What does your historical collection say to future historians about you?

Sometimes, when I am taking pages of notes on a book or a primary source, or when I browse and organize my many bookshelves full of historical monographs, I wonder what would happen if my home froze in time and remained undisturbed for a 100 years or more before humans stepped foot in it again. Because I’m a historian, whatever future archaeologist or other wayward explorer who stumbled into my library would find is a wealth of information about the past. What would the books and notes tell future historians, not only about the history of mankind (more specifically American history), but about me?

To pursue this thought experiment further, we have to lay some ground rules in order to allow it to function without too many distracting technical questions. We’ll assume our hypothetical historians are fluent and literate in English (whether or not it’s their native language), so therefore they can read any written texts they find. For the sake of imagination, let’s assume that large parts of American history have been lost or are obscured, so they’re encountering some of the ideas contained in my library, if not for the first time, then rarely. Obviously these historians are bringing their own cultural biases with them, so to keep the experience simple we will not assume race, gender, or any other categories of identity – maybe these historians are even aliens from another planet seeking to learn more about the human race who have very different cultural assumptions from our own, so different we can’t imagine them. While hoping this isn’t a cop-out on my part, we’ll just assume our intrepid explorers have a cursory familiarity with but a healthy interest in the history they have found without complicating their assumptions by trying to determine imaginary bias.

One question I’ve purposefully left dangling is how these people or beings know what history is, or if they even conceive of it in the same way that we do. Let’s assume they too record facts about their past, and so, in the most basic sense, practice history. The first thing that our future historians may have to decipher is the way in which we write about the past and how we conceive of modalities of time (whatever time happens to be). If we assume they our familiar with our linear concept of time, simply looking at the way my books are arranged wouldn’t offer them any help in determining chronology, seeing as my books are all alphabetized. That means they’d have to figure out how to read our time line on their own. Different cultures conceive of time differently, so this may prove to be a challenge to them.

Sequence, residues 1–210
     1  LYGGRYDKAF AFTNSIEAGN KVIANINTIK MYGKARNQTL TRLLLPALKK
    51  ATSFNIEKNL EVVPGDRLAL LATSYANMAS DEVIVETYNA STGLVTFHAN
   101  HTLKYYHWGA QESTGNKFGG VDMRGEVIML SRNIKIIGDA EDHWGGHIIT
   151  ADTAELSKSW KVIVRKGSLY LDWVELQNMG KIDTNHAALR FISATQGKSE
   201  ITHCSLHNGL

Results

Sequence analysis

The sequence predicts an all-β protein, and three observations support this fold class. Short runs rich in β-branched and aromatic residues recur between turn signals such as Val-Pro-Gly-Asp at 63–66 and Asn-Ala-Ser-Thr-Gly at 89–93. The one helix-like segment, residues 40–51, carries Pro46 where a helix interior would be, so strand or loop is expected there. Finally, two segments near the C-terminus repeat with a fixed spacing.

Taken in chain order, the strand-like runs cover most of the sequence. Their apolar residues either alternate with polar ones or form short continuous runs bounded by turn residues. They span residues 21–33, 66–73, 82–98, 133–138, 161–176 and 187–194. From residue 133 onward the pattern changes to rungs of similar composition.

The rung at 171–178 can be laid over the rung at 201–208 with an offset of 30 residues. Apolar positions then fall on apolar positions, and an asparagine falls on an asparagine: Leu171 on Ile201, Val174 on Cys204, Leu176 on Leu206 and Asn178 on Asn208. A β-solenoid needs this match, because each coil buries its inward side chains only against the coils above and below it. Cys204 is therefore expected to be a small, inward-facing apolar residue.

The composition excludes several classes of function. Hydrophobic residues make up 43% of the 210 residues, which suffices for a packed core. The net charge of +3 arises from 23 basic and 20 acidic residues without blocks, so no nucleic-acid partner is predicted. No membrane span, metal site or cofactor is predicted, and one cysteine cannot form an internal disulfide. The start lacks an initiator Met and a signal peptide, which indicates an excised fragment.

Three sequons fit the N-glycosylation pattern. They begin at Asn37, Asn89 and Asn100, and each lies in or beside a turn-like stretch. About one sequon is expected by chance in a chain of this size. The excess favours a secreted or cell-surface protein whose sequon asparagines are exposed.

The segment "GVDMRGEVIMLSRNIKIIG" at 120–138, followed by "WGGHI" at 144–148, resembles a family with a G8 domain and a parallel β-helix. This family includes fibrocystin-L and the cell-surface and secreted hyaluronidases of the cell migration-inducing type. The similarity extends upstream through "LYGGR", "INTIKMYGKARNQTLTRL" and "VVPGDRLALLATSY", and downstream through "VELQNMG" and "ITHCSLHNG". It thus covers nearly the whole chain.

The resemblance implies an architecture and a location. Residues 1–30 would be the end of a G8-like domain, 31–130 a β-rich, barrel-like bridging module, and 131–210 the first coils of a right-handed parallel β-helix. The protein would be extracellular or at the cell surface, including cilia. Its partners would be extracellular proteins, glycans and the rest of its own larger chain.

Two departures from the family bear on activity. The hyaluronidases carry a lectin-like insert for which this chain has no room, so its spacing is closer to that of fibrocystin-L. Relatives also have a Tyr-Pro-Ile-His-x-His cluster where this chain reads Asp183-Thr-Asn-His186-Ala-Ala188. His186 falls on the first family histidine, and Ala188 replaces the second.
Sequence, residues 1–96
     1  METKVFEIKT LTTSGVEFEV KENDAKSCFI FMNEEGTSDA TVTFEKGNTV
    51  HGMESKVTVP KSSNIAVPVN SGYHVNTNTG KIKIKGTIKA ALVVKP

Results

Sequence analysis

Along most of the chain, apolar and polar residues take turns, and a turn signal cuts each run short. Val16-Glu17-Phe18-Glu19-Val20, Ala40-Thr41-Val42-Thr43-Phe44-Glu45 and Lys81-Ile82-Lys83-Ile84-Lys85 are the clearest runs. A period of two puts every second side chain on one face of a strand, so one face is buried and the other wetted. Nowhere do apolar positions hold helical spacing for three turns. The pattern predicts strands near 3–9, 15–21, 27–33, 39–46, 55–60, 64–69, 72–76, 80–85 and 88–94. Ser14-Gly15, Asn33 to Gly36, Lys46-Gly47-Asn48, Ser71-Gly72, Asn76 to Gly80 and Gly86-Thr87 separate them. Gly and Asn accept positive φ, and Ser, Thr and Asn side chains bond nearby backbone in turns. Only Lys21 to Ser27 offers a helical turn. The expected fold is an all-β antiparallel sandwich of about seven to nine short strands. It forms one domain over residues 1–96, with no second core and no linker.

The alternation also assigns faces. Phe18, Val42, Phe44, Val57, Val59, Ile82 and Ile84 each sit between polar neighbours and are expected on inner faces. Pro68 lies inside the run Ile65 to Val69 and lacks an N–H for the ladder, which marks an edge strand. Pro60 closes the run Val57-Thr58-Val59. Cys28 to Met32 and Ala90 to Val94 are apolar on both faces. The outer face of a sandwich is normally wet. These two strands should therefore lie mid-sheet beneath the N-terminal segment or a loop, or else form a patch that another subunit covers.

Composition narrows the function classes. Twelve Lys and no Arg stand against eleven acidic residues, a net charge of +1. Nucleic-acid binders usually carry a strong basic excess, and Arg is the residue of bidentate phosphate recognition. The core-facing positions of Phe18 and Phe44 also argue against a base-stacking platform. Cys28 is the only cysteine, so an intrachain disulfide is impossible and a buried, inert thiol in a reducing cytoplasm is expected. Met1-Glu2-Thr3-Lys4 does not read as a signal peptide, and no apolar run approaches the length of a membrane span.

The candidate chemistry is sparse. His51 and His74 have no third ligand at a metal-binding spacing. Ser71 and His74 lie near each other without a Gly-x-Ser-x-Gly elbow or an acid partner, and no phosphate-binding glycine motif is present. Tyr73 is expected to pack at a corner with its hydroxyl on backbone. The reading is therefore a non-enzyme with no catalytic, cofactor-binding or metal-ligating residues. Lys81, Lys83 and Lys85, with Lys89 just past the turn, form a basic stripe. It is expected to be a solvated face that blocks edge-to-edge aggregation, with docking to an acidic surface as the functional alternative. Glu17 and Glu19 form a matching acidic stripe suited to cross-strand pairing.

Let’s assume our explorers have managed to decipher our way of cataloging time, which in and of itself would teach them about how a western historian conceives of history and how westerners conceive of the structure of time. What else could they learn from my particular collection of books? I’m a 20th century American cultural historian who attends an institution that also requires me to be well-versed in all periods of American history. As an undergraduate I focused mainly on East Asian history, a fact which also informs the content of my bookshelves. With these broad categories now delineated, what kind of topics would our future historians learn about from my books?

They might first note a particular obsession with identity. From my books a future historian would learn at least a perfunctory history of race and gender in America (though, regretfully not nearly as much about class or sexuality). My books and notes would provide them with definitions of the concept of race and stories about how it operated in society. Future historians would also learn about gender, competing definitions of it, and also many books about how gender operates as a category of assessment in the historical field. Luckily for our future historians, my bookshelves contain many volumes on historical methodology, especially concerning gender. Learning the historiography of a subject would do a great deal to teach future historians about how our ideas about ourselves and how we deconstructed them changed over time as influenced by surrounding circumstances. Study changes in methodology also means they would study the changing circumstances that inform it.